Marisa VanSkiver said...

I have to say that I agree with Liz. I have seen those families that have tried to shelter their children by taking them out of public schools (or other means), and it's not good. When that happens, they have to enter the world sometime and the shock can send them over the edge. I've seen it happen way too many times with people from my home area. Plus, like Liz said, if we are going to go and shelter ourselves, what good are we doing the world? We are depriving it of our values and morals and those kids that don't have them from their parents are missing out on the opportunity to learn them from friends at school because their parents are too scared to let them enter the public school system.

Liz Muir said...

Heather: I totally acknowledge everything you said. It is true that homeschooling is helpful in having more control over what your children learn. It does work. However I have two problems with this perspective.

First, as I said, pulling all of the good moral children out of school can't be a good thing for the other people. Peer pressure works both ways, not just negative but also positive. Someone must be left to set a good example.

Second, as Marisa says, eventually your children will be exposed to this stuff. You have to trust them to use their agency to make the right decisions. You can't make someone a good person by taking away the possibility of bad choices. That's just poor logic.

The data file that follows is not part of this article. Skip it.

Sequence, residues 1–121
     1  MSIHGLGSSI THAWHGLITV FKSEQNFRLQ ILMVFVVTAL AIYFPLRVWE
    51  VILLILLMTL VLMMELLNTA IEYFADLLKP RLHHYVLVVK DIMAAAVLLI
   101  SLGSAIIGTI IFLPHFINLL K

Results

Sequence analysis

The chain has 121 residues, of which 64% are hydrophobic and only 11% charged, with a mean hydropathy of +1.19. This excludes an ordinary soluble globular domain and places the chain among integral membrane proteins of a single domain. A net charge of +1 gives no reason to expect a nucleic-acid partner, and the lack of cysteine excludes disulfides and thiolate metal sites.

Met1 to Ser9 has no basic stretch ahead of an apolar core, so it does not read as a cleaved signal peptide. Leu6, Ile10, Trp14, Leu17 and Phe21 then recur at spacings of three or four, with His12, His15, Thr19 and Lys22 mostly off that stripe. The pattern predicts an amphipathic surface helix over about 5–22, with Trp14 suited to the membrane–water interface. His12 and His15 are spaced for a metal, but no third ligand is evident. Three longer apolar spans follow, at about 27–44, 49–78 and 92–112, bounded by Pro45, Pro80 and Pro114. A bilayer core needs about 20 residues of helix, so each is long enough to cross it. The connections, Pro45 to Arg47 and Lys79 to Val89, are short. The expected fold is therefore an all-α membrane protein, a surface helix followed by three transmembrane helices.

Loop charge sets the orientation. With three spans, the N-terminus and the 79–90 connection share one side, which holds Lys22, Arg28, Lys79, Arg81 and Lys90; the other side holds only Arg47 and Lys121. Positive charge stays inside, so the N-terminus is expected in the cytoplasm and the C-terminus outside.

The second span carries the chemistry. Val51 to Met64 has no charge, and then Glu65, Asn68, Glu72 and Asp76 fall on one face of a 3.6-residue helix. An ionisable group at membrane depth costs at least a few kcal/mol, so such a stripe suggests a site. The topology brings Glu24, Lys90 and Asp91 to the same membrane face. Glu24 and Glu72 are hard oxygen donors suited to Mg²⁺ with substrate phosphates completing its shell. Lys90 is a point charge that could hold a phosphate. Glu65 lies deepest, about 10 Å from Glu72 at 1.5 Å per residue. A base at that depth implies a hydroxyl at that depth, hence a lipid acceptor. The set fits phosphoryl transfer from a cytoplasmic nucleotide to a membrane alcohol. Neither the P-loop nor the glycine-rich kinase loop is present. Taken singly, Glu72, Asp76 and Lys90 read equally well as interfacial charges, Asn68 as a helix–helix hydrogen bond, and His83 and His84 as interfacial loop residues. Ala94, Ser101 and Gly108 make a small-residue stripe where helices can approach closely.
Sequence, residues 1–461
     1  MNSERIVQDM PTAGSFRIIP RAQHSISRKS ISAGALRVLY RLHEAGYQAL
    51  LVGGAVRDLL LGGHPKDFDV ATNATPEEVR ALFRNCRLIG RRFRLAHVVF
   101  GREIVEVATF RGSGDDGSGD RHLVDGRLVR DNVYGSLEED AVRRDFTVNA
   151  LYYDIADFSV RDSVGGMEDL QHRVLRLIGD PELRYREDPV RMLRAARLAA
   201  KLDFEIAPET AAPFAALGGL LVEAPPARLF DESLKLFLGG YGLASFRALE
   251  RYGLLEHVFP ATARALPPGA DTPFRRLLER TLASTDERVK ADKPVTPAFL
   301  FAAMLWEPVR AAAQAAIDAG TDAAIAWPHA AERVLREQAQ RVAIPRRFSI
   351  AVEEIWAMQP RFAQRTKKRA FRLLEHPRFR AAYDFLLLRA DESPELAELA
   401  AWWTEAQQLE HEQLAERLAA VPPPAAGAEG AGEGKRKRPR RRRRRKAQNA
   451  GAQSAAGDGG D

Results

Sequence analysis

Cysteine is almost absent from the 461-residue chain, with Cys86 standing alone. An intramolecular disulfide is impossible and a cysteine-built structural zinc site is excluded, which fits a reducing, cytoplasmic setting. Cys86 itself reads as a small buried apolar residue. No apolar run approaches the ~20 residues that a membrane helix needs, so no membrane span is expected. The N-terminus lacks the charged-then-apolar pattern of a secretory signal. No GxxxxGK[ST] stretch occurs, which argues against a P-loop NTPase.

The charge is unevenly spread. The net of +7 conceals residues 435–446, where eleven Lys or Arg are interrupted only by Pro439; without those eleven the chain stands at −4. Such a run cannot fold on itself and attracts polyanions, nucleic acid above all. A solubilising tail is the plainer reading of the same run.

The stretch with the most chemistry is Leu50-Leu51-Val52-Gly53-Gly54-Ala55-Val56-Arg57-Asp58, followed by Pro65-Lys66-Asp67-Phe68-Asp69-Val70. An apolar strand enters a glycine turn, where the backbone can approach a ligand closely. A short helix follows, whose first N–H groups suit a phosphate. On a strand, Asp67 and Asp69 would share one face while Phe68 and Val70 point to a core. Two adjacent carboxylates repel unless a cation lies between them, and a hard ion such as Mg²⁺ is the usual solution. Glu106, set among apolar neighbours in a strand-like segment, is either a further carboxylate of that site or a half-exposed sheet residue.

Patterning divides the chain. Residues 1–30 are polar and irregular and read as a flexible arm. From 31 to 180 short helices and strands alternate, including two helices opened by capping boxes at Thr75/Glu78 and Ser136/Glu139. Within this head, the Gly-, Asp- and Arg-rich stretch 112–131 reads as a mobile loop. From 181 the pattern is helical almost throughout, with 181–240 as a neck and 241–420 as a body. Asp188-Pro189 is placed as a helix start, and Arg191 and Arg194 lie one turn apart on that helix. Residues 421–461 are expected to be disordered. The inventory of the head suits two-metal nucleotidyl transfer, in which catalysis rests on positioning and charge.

You also seem to have misunderstood my comment about uneducated parents and homeschooling. My worry is not that they will try to home school their children, which as you point out is unlikely. My worry is that if everyone else does, these children are essentially disenfranchised. They have no chance at a decent education because the public school system becomes a herding pen for delinquents. (I can say this with no guile, having been a product of public school myself.)

My point is that it is unfair to pull all the good kids out because it hurts the rest of the population. It's all about striking a balance between public good and personal good. I definitely grant that home schooling is necessary in some situations. However, I think we have to consider more than just our own children when we decide to pull them out.

PinkyLunt said...

I didn't say that it was to shelter anyone, because that isn't fair for the children. I know that no good can come from sheltering your children THAT much. I think it's good for a child to have friends and have to deal with peer pressure, it builds character. However, it bothers me that parents seem to care less about proper manners, simple thins like saying please and thank you. Or not hitting another child. (Especially now that I am working with children all the time, and I see the best and worst of them.) Those few bad apples make it harder for the rest of us to keep our children in check. I think it's harder for me to agree completely with you because I have experience a lot when it comes to peer pressure and the cruelty of children towards each other.

Liz Muir said...

In such situations, it seems to me to be more effective to remove the problem child, rather than to remove the other children. But that's another matter entirely. I'm not a fan of keeping undisciplined or cruel children in school. Like you say, basic manners should be expected.

But I don't see how home schooling would really make that much of a difference. I'd argue that most of our "please"/"thank you" habits are formed before the school years even begin.

The Girl in the Other Room said...

I feel so dumb. I don't have much of an opinion on this subject. All I can think of is that I wouldn't homeschool my kids because I am too selfish and want to be away from them so that I can miss them. If they were home all of the time, I would go crazy.